AL-MUKALLA: Yemen’s internationally recognized government has criticized the Houthis’ threats to attack oil tankers and called for international action to prevent the group from damaging civilian infrastructure and energy sources.
Yemeni Foreign Minister Ahmed Awad bin Mubarak called the threats “criminal and terrorist activities”, adding that the Iran-backed Houthis had no respect for international agreements banning attacks on civilian facilities .
“Such a threat is irrefutable proof of the terrorist nature of these groups, which is not new to Yemenis. It is crucial that the world understands how this terrorist organization operates and how it does not respect fundamental international laws and conventions,” he told Arab News on Tuesday.
The minister’s comments came as the Aden-based transport ministry urged foreign shipping companies to continue operations despite Houthi demands to halt oil movements from the country.
In a letter sent Monday to agents of shipping companies operating in Yemen, the ministry’s Maritime Affairs Authority said they should continue to export the country’s oil, gas and minerals from government-controlled ports and not not comply with the demands or threats of the Houthis.
“Memoranda or circulars will not be considered unless issued by the Aden Presidency of the General Authority for Maritime Affairs,” the government’s maritime body said in the letter seen by Arab News. .
The Yemeni government’s request came a day after the Houthis officially ordered ship operators to stop transporting oil and minerals from government-controlled areas, threatening to target their ships if the request was ignored.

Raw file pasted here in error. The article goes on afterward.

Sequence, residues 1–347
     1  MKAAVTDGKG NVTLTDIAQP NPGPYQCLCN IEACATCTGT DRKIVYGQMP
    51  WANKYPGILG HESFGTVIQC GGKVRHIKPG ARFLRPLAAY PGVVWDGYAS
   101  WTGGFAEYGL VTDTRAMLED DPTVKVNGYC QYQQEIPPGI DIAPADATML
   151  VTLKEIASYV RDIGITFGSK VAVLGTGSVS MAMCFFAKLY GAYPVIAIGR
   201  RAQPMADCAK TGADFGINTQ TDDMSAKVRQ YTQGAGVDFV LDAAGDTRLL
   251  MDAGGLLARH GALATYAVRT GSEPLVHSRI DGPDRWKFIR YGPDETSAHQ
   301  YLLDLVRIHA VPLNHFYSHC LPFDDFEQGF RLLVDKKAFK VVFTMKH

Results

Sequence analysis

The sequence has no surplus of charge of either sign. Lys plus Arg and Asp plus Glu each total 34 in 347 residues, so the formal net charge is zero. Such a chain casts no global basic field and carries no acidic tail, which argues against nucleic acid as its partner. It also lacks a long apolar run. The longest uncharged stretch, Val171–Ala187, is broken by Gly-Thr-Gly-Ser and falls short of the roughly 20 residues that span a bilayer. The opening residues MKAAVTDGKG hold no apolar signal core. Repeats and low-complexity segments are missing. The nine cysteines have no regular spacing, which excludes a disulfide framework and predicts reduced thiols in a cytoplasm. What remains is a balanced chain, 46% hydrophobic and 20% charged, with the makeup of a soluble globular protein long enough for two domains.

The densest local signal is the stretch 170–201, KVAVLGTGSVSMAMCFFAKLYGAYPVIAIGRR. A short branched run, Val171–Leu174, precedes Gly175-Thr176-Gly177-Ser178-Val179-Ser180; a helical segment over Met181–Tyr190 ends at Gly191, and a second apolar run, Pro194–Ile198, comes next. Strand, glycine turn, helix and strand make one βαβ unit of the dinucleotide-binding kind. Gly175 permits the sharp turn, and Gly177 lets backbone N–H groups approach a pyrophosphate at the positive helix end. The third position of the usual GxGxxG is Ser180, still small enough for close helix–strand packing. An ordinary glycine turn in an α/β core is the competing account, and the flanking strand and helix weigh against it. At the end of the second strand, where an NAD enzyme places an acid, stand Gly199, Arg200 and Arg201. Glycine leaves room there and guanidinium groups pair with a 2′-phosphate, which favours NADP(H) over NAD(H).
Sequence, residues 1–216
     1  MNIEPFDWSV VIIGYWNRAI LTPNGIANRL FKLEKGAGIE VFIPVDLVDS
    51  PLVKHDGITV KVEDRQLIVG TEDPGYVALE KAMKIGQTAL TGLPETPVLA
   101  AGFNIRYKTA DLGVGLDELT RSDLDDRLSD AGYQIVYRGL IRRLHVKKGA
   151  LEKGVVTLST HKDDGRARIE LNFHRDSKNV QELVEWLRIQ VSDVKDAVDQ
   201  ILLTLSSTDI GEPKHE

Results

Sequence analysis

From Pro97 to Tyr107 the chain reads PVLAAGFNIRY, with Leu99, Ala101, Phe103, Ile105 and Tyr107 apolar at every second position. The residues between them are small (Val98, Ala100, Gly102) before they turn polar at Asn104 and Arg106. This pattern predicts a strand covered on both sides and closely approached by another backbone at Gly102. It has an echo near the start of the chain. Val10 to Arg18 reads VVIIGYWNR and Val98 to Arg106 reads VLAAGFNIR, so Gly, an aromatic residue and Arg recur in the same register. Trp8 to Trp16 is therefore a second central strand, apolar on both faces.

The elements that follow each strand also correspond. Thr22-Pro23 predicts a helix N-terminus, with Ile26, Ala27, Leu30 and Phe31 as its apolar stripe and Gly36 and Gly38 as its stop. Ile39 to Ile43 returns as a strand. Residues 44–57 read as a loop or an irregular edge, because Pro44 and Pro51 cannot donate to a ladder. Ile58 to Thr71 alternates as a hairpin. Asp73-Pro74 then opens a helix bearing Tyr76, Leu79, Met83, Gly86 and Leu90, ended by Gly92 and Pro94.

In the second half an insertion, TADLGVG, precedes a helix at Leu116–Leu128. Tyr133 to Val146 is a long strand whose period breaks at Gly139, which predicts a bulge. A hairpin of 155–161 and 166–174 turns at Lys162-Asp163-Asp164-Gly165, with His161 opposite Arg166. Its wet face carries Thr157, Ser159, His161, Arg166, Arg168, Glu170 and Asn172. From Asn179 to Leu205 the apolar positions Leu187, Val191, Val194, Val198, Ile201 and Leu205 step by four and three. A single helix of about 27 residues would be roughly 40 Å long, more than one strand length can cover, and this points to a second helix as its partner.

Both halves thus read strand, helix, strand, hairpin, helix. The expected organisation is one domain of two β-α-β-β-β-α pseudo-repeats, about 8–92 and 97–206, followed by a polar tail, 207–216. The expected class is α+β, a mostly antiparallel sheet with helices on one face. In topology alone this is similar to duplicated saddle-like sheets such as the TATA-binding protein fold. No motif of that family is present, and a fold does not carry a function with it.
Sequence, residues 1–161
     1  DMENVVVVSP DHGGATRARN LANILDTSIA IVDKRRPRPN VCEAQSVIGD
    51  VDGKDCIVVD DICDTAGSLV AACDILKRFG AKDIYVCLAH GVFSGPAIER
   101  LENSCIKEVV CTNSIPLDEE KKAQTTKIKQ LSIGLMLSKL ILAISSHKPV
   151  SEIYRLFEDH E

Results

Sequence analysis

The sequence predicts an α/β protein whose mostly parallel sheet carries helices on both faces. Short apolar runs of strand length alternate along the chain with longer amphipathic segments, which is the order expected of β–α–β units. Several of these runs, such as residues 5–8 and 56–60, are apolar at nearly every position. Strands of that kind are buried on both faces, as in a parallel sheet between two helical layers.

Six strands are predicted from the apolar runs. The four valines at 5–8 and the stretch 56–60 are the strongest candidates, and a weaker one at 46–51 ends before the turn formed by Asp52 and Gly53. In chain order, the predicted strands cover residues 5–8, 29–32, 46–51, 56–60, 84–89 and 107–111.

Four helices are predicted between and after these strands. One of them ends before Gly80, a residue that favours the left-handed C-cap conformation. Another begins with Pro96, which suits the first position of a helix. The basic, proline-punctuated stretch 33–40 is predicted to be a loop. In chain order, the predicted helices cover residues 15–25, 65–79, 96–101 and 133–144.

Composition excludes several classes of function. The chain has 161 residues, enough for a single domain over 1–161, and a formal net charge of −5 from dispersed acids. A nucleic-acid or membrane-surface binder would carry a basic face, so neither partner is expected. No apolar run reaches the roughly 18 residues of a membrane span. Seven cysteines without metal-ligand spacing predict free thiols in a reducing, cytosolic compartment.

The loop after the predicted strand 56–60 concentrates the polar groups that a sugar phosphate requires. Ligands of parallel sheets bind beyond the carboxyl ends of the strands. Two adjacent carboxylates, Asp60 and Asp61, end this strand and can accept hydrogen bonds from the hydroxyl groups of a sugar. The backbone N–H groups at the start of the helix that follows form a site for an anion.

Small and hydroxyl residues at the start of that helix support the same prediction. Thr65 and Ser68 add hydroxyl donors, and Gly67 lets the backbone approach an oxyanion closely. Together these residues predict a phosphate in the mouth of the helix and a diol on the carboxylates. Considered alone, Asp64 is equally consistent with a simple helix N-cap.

On Sunday, hours before a UN-brokered truce expired, Houthi Transport Minister Abdul-Wahab Yahya Al-Durra sent a letter asking companies to stop shipping oil and other natural resources of the country before 6 p.m., accusing them of plundering the resources of Yemen. .
“Any browsing activity that violates standard procedures will be treated as an illegal act that jeopardizes national interests, and we hold you fully responsible for this violation,” the Houthi minister said in his letter, also seen by Arab News.
The Yemeni militia refused to renew the UN truce and resumed aggressive military operations in Marib, Taiz and Dhale.
The Houthis have threatened to target oil vessels moored in government-controlled areas in a bid to deprive the government of financial resources unless it pays all public employees in areas under the group’s control, reopens the Sanaa airport and lifting alleged restrictions on the movement of oil tankers through Hodeidah Port.
The Houthis’ refusal to open roads to Taiz has also hampered efforts to keep the truce in place.
The Yemeni government has said the Houthis should pay public employees in their areas with the millions of dollars earned from oil ships passing through the port of Hodeidah during the truce.
Yemeni Oil Minister Saeed Al-Shumasi recently told Al-Ghad Mushreq TV that the country exports 2 million barrels of oil every two months from oilfields in the southeastern province of Hadramout, more 600,000 barrels from the southern province of Shabwa.
Dhaba Oil Terminal in Hadramaut Province handles most of the country’s oil exports to international markets.